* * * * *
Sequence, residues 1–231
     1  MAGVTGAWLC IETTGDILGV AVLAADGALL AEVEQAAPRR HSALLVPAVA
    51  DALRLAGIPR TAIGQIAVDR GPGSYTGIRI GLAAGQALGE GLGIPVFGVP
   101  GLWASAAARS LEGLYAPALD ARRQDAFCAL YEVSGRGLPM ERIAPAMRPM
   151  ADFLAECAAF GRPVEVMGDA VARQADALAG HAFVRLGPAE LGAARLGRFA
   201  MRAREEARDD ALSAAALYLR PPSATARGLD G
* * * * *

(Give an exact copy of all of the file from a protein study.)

Sequence, residues 1–231
     1  MAGVTGAWLC IETTGDILGV AVLAADGALL AEVEQAAPRR HSALLVPAVA
    51  DALRLAGIPR TAIGQIAVDR GPGSYTGIRI GLAAGQALGE GLGIPVFGVP
   101  GLWASAAARS LEGLYAPALD ARRQDAFCAL YEVSGRGLPM ERIAPAMRPM
   151  ADFLAECAAF GRPVEVMGDA VARQADALAG HAFVRLGPAE LGAARLGRFA
   201  MRAREEARDD ALSAAALYLR PPSATARGLD G